This new hypothesis creates high exploratory expectations, based on the fact that of better generation and expulsion conditions for these deeper clastic sequences.

In the new stratigraphic model (Fig. 3), the deposition of the Foyel Group occurs mainly at the west and northwest section of the basin, and the later volcanoclastic sequences of Ventana formation were deposited mainly in the center of the basin, whose interdigitate at the base with the marine deposits of the Foyel Group.

After that, occurs the deposition of Ñirihuau and Collon Cura formations mainly to the east

The hydrocarbon generation potential of lacustrine facies of the Ñirihuau formation (Middle section), at the Northeast and southeast portion of the basin, have good to excellent properties for oil generation, with kerogen type  I / II, and variable TOC and HI values (Fig. 4). Towards the center of the basin, its generation potential reduces and they tend to be gas prone (Bernardo et al, 2009).Although the good to excellent quality as a source rocks, the lacustrine facies of Ñirihuau formation don’t reach the thermal maturity for oil generation (Fig. 4).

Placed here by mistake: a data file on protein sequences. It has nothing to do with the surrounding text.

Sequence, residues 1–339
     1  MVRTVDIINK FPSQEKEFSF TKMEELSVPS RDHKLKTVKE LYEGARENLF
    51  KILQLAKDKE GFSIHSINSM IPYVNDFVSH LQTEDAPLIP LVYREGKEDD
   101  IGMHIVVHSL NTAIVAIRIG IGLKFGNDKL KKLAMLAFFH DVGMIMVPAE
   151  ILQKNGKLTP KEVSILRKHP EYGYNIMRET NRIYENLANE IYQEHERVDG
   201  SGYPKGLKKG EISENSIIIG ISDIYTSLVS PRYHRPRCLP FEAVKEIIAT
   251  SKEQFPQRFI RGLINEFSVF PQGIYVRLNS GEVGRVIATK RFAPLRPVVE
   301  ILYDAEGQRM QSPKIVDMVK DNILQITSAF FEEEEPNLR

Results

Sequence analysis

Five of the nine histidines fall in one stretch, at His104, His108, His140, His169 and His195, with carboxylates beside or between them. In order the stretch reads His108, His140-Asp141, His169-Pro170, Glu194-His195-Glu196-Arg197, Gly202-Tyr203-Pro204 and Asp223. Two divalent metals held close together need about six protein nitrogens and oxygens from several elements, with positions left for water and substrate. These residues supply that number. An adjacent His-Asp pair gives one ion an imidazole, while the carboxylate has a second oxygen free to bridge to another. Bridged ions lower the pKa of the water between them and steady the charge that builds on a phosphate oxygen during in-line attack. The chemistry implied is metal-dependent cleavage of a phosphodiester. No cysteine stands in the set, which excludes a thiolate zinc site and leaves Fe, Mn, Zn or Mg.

Fig. 4: Geochemical analysis of Rio Foyel and Ñirihuau Fm. Samples, showing the oleogenetic potential (Bernardo, 2009).

The 1 D thermal model performed in some wells, indicates some oil generation in specific portions of the basin, but the expulsion was not extensive (Fig. 5).

Fig. 5. 1D model from a pseudo well in “David” syncline, showing the low maturity of the Ñirihuau Fm. and the hydrocarbon generation and expulsion in the Rio Foyel Fm. (Bernardo, 2009).

The Ñirihuau formation would need around 2800 m (9100 ft) of overburden for generate oil, but according to the seismic interpretation the generation sequences of this Formation wouldn’t reach this depth.

The second source rock of the basin (identified only in outcrops of the northwest part of the basin) is the Rio Foyel formation (Fig. 3, 4 and 5).

According to the gravimetric and seismic data, the depocenters located at the northern and northwestern part of the basin could have thick sequences of the Foyel Group, and would be the best place for oil generation. Two main facies have hydrocarbon generation potential; one is marine and the other is the lacustrine. The first one has low TOC and organic matter type III, with gas prone potential.